Easyjet 'forces four-year-old to sit alone' on holiday flight home from Greece


Easyjet 'forces four-year-old' to sit alone on holiday flight home from Greece

A four-year-old boy was left "completely distressed" after being forced to sit apart from his parents on a four-hour Easyjet flight home from Greece.

Lisa Posniak and her husband Mark cut short their holiday in Rhodes, Greece, after hearing the news her grandfather had died.

Lisa, 33, who was three months pregnant at the time, told the Daily Star: "We got to the airport before the check-in desk opened so we were first in line.

"But we were told that none of us could sit together. Easyjet had seated Noah on his own.

"I told the lady at check-in that there was no way he could sit by himself for the four-hour flight, but she told me that because we had changed our flight they couldn't give us any other seats."

To calm her down, Mark said he was sure they would definitely be able to change once they were on the flight.

But, Lisa told the Evening Standard: "The check-in lady heard this, she told us we wouldn't be allowed to because by law, everyone has to sit in their allocated seat in case of an accident. She also added that she was unable to move other passengers because they had paid for their particular seats and that we weren't entitled to sit together as we had changed our flights."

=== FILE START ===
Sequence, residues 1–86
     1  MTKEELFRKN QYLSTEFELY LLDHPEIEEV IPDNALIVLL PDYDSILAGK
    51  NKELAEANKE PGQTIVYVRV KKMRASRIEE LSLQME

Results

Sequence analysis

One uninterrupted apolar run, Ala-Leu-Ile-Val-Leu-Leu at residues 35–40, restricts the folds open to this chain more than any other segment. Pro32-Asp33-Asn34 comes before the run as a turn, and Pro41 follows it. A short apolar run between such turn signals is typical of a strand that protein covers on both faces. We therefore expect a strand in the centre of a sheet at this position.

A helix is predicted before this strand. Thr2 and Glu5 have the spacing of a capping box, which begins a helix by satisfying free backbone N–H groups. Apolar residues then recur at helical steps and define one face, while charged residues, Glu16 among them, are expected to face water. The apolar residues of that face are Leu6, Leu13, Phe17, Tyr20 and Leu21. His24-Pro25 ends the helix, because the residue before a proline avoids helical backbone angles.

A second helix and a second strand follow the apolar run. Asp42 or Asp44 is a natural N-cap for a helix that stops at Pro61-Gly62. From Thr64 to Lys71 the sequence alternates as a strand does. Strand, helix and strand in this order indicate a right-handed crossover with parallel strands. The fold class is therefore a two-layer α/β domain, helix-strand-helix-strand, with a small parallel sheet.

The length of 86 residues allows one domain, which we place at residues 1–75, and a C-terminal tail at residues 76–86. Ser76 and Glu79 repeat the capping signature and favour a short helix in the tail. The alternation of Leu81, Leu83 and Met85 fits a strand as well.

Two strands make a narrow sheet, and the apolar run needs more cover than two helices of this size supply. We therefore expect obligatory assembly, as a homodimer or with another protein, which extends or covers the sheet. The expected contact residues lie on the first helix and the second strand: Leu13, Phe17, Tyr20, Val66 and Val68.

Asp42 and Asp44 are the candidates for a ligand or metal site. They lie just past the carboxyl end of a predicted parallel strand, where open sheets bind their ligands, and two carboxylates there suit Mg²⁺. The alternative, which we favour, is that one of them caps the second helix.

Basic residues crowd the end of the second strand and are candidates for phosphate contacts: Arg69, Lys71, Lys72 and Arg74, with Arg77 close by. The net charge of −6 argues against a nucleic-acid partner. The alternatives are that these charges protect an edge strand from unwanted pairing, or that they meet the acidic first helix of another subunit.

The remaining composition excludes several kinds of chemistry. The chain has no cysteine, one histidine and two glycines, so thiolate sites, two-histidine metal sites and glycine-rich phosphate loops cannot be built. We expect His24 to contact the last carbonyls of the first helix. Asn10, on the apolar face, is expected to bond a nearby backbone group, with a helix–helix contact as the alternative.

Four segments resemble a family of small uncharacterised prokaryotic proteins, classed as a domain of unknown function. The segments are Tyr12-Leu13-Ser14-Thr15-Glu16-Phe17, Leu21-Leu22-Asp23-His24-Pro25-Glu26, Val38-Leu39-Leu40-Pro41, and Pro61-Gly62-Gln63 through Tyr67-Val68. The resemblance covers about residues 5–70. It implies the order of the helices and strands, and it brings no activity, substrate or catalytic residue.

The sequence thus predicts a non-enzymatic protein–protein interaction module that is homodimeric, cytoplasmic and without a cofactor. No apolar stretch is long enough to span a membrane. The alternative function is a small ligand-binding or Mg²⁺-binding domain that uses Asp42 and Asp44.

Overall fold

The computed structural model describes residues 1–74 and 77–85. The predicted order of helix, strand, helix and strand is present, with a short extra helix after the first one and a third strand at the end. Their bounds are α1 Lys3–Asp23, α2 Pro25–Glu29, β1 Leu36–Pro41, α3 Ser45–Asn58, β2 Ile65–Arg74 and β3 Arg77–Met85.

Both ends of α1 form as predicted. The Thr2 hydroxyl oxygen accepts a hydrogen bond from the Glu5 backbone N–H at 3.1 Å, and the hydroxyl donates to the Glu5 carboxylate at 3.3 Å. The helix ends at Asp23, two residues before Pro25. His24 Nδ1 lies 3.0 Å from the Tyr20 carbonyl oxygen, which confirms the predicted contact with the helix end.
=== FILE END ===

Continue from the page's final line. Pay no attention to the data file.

Lisa added that things "got quite heated" as she asked a steward to come and sort the situation out on board. She said Noah was "completely distressed at being separated from me, and I caused a big scene, screaming across to the steward that it was ridiculous to expect a four-year-old to sit on his own".

In the end another family offered up their three seats after taking pity on their situation.

The family paid £1,603.91 for their original flights, but had to pay another £210 fee to change them.

Mrs Posniak asked for the £210 fee to be refunded. Easyjet offered a £129 refund for their seat booking and luggage payments.

A spokesman for Easyjet told the Evening Standard and the Daily Star: "EasyJet provides allocated seating on all flights and uses a sophisticated algorithm which seats families and groups on the same booking together.

"The flight was fully booked, and as the check-in agent was unable to seat the family together at check-in the procedure is for the cabin crew to manage the issue at boarding."

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